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Attenuation of the systemic and coronary hemodynamic effects of cocaine in conscious dogs: propranolol versus labetalol. Basic Res Cardiol 1992 Sep-Oct;87(5):465-77



Pubmed ID





The interaction of cocaine with myocardial and vascular adrenoceptors is incompletely understood. The systemic and coronary hemodynamic effects of intravenous cocaine (1.5 mg/kg) were examined in dogs with and without pretreatment with propranolol (2 mg/kg i.v.) or labetalol (5 mg/kg i.v.) on different days. A total of 24 experiments was completed (three sets of experiments) using eight dogs chronically instrumented for measurement of aortic and left-ventricular pressure, left-ventricular dP/dt, subendocardial segment length, coronary blood flow, and cardiac output. Myocardial oxygen consumption was estimated from the pressure work index (PWI). Cocaine significantly (p < 0.05) increased heart rate (+51 +/- 17 bpm), mean arterial pressure (+72 +/- 10 mm Hg), left-ventricular systolic and end-diastolic pressures (+56 +/- 9 and +14 +/- 6 mm Hg, respectively), coronary blood flow (+32 +/- 10 ml/min) and the PWI (+10.0 +/- 2.3 ml O2/min/100 g). Significant reductions in stroke volume (-9 +/- 5 ml) and percent segment shortening (-7.1 +/- 1.7) were observed. These changes returned to control after 30 min. After pretreatment with propranolol, the cocaine-mediated increases in mean arterial pressure, left-ventricular systolic pressure, rate-pressure product, and the pressure work index (4.4 +/- 0.7 ml O2/min/100 g) were significantly (p < 0.05) less than those observed with cocaine alone. Cocaine also reduced contractility [dP/dt50 (-341 +/- 80 mm Hg/s)] and increased systemic vascular resistance (+2703 +/- 339 in the presence of propranolol. Labetalol abolished the cocaine-mediated increases in heart rate and coronary blood flow and significantly attenuated the increases in mean arterial pressure, left-ventricular systolic pressure, cardiac output, rate-pressure product, and calculated myocardial oxygen consumption when compared to results obtained with cocaine alone. The results demonstrate that a portion of the basic dynamic effects of cocaine is mediated by stimulation of alpha and beta adrenoceptors. Combined alpha and beta adrenergic blockade reduces the hemodynamic effects of cocaine more than beta blockade alone. During antagonism of the sympathomimetic response of cocaine, direct negative inotropic actions of this drug are unmasked.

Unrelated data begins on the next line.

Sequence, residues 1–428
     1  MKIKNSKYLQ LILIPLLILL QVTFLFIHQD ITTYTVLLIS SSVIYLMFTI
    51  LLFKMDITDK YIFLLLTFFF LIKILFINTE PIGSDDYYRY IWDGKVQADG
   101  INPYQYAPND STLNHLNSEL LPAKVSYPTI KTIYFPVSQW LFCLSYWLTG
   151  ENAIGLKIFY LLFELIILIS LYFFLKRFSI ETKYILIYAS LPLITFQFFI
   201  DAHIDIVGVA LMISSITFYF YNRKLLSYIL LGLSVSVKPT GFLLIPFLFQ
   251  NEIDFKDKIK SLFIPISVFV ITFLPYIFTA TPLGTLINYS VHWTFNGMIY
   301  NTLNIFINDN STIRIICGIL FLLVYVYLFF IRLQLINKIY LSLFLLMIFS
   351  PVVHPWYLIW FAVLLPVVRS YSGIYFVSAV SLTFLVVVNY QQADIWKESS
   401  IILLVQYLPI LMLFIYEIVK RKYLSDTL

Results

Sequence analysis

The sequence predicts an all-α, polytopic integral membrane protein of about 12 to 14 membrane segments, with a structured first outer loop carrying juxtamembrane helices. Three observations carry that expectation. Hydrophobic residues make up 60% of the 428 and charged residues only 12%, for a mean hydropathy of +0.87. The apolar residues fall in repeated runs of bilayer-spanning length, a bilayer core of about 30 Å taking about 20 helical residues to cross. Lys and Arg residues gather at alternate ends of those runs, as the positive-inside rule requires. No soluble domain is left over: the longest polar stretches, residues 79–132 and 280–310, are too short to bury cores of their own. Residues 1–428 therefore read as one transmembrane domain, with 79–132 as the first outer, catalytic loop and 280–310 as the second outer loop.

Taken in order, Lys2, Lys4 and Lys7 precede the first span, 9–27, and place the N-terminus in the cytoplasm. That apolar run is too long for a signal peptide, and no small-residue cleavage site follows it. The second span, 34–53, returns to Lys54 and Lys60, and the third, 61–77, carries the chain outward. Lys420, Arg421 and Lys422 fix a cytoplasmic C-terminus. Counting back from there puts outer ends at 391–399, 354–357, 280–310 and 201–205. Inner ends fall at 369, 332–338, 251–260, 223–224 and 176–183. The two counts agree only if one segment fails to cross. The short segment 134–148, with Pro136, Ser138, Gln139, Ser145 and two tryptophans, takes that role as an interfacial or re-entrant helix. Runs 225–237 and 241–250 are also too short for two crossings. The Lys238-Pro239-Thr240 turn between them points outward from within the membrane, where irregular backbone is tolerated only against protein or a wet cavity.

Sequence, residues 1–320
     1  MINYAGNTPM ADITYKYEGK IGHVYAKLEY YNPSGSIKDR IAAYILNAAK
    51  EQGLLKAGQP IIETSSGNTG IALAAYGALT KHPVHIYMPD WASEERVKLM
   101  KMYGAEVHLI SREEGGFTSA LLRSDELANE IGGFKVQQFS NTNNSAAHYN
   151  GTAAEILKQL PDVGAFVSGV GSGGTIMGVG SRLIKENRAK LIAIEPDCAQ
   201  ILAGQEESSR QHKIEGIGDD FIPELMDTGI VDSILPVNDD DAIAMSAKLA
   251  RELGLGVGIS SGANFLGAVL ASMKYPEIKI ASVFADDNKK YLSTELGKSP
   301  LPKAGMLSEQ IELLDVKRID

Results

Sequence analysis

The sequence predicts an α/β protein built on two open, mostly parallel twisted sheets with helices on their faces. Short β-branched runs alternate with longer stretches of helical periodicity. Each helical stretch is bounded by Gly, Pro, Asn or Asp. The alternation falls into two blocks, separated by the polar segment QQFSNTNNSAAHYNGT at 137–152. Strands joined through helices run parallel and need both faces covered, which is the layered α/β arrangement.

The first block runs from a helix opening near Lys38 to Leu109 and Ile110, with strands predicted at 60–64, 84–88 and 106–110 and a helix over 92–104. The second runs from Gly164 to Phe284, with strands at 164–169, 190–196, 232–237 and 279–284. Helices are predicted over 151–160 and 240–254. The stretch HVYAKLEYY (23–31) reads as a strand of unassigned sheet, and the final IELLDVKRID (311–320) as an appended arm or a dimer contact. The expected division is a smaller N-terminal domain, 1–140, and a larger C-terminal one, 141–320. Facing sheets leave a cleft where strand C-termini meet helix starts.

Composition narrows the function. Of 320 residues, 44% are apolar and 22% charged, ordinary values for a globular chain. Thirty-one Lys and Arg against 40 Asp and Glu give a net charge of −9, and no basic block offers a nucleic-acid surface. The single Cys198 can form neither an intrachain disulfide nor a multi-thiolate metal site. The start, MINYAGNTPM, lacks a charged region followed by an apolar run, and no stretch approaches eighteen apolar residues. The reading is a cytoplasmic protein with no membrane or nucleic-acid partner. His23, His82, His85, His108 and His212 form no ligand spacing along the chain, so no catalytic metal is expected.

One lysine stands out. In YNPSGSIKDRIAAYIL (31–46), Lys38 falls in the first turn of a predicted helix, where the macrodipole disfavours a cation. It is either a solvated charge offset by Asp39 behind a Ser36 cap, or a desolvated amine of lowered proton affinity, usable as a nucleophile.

Author List

Kenny D, Pagel PS, Warltier DC


Paul S. Pagel MD, PhD Professor in the Anesthesiology department at Medical College of Wisconsin

MESH terms used to index this publication - Major topics in bold

Myocardial Contraction
Oxygen Consumption
Receptors, Adrenergic, alpha
Receptors, Adrenergic, beta
Vascular Resistance
jenkins-FCD Prod-387 b0ced2662056320369de4e5cd5f21c218c03feb3